Regular Oil vs Synthetic Oil -EricTheCarGuy

Visit me at: Lately I've been seeing a lot of posts over at the forum talking about switching to synthetic oil with less than ideal results. Instead of typing out the same answer over and over I thought I would make this short video to help explain my experiences with synthetic oil. I'm not saying synthetic oil is bad, in fact it has it's place but my opinion is that place is not in your 15 year old Toyota or Chevy. The reasons as explained in the video are that synthetic has different flow characteristics and can actually cause your engine to leak oil and run noisy. It's perfectly OK to run conventional oil of the correct viscosity and change it on a regular basis. You don't need to spend the extra money on synthetic oil if your owners manual does not call for it. I look forward to your comments on this. How Oil Pressure Works: Discussion about this video: Stay dirty ETCG

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Is Synthetic Motor Oil Better For Your Car?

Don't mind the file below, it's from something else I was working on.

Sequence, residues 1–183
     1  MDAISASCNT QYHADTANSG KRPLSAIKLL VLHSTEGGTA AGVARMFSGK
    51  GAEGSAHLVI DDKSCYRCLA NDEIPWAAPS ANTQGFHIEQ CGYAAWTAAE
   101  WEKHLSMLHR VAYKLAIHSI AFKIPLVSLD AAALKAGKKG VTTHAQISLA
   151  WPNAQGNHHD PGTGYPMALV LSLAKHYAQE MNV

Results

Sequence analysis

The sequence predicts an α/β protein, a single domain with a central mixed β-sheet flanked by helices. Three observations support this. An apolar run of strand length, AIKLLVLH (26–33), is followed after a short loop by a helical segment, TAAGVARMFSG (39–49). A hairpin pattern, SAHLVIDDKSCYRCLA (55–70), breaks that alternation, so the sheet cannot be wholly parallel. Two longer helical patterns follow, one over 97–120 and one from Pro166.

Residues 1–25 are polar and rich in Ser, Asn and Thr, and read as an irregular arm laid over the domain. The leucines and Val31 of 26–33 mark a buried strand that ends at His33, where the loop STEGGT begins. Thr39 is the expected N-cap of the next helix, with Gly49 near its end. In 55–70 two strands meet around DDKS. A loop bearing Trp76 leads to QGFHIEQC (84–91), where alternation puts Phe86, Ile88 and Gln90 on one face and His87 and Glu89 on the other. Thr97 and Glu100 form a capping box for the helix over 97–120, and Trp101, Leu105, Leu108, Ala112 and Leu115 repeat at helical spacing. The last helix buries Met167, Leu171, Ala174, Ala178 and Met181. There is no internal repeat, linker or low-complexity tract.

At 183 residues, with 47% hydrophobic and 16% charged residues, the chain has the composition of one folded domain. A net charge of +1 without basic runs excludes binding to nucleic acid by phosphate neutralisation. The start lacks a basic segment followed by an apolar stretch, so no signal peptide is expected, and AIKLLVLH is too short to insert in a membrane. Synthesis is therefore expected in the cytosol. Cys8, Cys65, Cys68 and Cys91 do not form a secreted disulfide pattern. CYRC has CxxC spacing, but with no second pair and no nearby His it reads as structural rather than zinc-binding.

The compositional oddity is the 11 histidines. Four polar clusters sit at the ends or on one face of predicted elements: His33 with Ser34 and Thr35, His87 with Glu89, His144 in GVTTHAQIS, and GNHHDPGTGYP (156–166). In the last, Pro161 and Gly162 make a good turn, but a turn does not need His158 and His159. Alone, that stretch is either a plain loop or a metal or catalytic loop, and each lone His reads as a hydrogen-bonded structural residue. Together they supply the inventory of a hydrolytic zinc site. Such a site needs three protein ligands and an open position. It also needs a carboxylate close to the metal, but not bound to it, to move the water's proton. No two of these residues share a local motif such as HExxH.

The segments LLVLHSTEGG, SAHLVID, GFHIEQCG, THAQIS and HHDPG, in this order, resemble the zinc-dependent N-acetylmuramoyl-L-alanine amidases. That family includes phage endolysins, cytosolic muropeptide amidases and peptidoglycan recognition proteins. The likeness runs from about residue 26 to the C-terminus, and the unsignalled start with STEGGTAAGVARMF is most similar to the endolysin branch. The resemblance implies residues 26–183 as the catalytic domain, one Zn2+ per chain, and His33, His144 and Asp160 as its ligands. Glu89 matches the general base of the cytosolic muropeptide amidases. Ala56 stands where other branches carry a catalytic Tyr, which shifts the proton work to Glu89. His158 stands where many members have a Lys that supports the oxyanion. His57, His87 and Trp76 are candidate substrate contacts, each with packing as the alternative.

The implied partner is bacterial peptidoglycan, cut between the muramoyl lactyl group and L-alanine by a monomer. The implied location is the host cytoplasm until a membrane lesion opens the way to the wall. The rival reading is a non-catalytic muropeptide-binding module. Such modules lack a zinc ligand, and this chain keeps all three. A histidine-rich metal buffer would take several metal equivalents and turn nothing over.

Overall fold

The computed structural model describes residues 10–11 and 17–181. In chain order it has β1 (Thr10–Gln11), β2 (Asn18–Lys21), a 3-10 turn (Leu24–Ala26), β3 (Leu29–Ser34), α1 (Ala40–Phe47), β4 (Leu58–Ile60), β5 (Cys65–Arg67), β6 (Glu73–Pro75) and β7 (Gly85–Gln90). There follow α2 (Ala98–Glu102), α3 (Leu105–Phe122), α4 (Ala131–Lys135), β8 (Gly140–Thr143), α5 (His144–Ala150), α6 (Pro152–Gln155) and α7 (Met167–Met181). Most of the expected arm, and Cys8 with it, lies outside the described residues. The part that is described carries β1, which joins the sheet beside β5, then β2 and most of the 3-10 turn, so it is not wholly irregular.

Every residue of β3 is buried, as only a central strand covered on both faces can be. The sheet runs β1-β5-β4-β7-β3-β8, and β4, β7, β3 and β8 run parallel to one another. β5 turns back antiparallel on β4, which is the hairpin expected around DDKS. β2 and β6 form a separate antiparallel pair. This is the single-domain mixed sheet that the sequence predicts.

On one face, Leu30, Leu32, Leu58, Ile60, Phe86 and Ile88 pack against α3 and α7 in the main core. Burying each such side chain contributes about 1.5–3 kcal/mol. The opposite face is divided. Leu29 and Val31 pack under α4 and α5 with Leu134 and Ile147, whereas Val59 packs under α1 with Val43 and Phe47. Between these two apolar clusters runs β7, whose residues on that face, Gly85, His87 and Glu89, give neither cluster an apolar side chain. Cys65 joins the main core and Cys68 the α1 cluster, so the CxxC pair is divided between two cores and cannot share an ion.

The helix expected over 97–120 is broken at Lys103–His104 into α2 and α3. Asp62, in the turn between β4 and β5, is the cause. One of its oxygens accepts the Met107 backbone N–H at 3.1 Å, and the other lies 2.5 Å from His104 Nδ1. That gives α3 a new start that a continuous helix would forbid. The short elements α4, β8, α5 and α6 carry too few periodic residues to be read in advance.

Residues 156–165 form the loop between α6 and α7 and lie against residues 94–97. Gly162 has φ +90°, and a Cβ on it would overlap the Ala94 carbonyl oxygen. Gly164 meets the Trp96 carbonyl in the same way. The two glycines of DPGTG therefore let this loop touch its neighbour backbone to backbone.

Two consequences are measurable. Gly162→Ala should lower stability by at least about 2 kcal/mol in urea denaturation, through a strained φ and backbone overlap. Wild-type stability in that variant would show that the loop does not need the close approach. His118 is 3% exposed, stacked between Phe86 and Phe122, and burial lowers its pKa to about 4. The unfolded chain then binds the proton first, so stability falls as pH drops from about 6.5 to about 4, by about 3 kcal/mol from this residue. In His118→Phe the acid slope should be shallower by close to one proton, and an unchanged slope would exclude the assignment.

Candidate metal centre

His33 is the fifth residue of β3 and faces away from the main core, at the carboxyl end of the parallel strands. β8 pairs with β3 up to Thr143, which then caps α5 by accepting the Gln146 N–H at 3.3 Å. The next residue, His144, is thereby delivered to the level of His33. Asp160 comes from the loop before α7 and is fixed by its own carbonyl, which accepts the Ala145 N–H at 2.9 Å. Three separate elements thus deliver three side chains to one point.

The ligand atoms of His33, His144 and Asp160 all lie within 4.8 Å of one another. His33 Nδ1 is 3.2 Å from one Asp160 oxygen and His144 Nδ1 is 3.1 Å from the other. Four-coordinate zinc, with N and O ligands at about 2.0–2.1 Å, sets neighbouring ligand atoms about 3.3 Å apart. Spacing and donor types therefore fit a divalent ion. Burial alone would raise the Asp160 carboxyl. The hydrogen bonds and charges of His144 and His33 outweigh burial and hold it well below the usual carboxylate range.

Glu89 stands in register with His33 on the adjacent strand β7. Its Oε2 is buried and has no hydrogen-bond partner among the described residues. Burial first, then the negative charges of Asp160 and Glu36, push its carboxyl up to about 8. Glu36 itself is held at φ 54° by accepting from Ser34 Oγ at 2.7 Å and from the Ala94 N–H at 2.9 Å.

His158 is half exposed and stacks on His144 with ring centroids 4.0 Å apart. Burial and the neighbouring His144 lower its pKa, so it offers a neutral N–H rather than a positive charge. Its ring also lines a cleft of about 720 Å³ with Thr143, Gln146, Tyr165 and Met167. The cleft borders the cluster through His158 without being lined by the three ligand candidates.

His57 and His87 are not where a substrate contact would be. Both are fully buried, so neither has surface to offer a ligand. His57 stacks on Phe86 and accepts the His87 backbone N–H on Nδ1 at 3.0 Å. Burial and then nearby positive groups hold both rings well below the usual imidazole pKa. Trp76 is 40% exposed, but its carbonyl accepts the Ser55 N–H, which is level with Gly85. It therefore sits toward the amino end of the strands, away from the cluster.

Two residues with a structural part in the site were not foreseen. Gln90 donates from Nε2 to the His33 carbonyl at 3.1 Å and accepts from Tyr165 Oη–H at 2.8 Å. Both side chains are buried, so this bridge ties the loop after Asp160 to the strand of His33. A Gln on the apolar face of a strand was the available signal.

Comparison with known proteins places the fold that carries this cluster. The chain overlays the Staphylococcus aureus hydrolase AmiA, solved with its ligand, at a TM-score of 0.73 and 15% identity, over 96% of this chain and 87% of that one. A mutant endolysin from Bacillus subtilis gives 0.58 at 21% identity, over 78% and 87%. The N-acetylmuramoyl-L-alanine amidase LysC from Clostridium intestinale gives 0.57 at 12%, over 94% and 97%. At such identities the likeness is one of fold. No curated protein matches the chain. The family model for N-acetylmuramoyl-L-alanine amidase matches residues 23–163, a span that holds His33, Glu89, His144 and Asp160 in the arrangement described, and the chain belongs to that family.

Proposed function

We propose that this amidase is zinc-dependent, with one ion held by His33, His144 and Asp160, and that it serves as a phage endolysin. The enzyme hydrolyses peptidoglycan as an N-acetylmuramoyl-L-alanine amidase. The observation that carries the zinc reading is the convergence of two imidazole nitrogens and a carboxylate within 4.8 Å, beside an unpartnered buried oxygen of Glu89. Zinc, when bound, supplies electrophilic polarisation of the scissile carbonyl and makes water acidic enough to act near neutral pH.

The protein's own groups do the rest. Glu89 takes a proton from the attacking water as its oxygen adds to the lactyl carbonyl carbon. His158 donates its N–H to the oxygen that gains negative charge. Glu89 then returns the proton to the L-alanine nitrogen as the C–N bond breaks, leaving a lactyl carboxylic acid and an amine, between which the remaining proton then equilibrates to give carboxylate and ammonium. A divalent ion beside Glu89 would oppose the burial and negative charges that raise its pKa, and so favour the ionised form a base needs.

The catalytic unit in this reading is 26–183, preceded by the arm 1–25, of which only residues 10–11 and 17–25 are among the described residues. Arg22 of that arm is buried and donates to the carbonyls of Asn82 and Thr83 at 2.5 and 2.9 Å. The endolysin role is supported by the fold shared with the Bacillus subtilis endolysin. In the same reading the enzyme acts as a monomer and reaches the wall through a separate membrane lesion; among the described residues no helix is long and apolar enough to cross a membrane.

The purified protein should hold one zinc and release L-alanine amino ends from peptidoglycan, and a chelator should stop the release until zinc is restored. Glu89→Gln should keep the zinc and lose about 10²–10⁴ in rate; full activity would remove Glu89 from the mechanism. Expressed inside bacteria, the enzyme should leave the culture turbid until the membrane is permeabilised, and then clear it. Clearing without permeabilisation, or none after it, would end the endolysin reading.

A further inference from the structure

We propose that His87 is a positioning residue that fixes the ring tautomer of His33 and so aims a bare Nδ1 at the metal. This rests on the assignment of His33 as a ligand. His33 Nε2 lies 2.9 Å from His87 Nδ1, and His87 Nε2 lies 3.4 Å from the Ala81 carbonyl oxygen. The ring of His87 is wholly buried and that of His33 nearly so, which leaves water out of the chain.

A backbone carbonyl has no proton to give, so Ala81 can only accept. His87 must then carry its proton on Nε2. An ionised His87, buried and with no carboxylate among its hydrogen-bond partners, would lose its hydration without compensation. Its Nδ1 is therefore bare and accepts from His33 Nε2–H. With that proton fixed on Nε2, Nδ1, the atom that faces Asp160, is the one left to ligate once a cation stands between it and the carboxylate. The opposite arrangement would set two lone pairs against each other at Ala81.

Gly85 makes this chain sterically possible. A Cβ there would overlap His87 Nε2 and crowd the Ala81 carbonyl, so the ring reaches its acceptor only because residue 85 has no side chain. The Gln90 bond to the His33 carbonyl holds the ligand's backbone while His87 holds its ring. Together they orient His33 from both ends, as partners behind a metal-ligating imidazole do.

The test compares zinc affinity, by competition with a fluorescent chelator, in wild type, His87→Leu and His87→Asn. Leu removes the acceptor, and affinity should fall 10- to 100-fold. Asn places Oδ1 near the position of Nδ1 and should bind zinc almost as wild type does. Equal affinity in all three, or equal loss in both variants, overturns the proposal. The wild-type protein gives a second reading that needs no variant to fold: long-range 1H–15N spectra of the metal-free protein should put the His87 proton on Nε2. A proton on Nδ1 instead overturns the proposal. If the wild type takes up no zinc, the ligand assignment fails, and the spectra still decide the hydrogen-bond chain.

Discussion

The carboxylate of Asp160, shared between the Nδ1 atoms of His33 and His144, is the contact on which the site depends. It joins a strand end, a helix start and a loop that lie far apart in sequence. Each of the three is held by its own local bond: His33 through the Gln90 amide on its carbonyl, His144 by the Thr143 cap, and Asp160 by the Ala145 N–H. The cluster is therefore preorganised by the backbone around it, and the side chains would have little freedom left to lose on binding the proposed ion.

Is synthetic motor oil better than conventional oil? Synthetic Motor Oil Myths - Thank you to Pennzoil for bringing me out to the 2016 Canadian GP and sponsoring this video! This video has been compensated by GarageMonkey and its advertiser. All opinions are mine alone. Subscribe for new videos every Wednesday! - The viscosity of an oil is its resistance to flow. A greater viscosity means more resistance to flow, or a thicker oil. A lower viscosity means a thinner oil. Before understanding the benefits of synthetic motor oils, like this Pennzoil Platinum derived from natural gas, we first need to understand the rating system used for motor oils. You’ll often hear 5W-30, or 0W-20 as ratings used in cars today. These are multi-grade viscosity oils, meaning their viscosity grade changes with temperature. The first number, followed by a W, is the cold rating (W stands for Winter), and this means the oil behaves like an SAE 5 grade motor oil (using 5W-30 as the example) while cold, but at operating temperature, at about 100 degrees C, it operates like an SAE 30 grade motor oil. Now 30 is higher than 5, so initially it may seem that the oil would get thicker at higher temperatures, which is obviously not the case. A straight SAE 30 grade oil will be thicker at lower temperatures, as will a 5 grade oil. Even though a 30 weight oil is thicker than a 5 weight oil, at 100C the 30 weight will be thinner than a cold 5 grade oil. Low viscosity at low temperatures is important, because this is where a significant amount of engine wear occurs, so it’s critical to maximize oil flow to protect the engine. At colder temperatures, thinner oils will flow better and thus offer better protection. For a conventional oil, for example while creating a 5W-30 oil, you’ll start with a base oil similar to an SAE grade 5 motor oil, and include additives to alter the viscosity rating. To improve low temperature flow, pour point depressants (PPDs) are added. To increase the viscosity at high temperatures, viscosity index improvers (VIIs) are added. VI improvers are polymers which expand in heat, making it more difficult for flow, thus increasing the viscosity. Synthetic oils, however, can have base oils which are already formulated as a multi-grade oil, meaning you don’t necessarily need additives, or as much additives, to alter the viscosity at different temperatures. The major benefit here is that additives tend to break down over time, so synthetic oils will maintain their original viscosity properties much better throughout the engine oil drain interval versus conventional oils. (Diagram illustrating viscosity vs temperature) If you were to plot two 5W-30 motor oils, one conventional and one synthetic, at the beginning of the oil change interval, they would have similar viscosity properties. At the end of the interval, however, the synthetic would act nearly identical to the original oil, while the conventional oil would be thicker at low temps, and thinner at high temps. Now does this mean that with synthetic motor oils you can extend your engine oil drain interval? No! It just means your engine is better protected throughout the engine oil drain interval. There are still additives (anti-wear, dispersants, anti-foam, detergents, rust inhibitors, corrosion inhibitors) which wear out over time, so you should always change at whatever interval your owners manual suggests. And don't forget to check out my other pages below! Facebook: Official Website: Twitter: Instagram: Car Throttle: EE Extra: NEW VIDEO EVERY WEDNESDAY!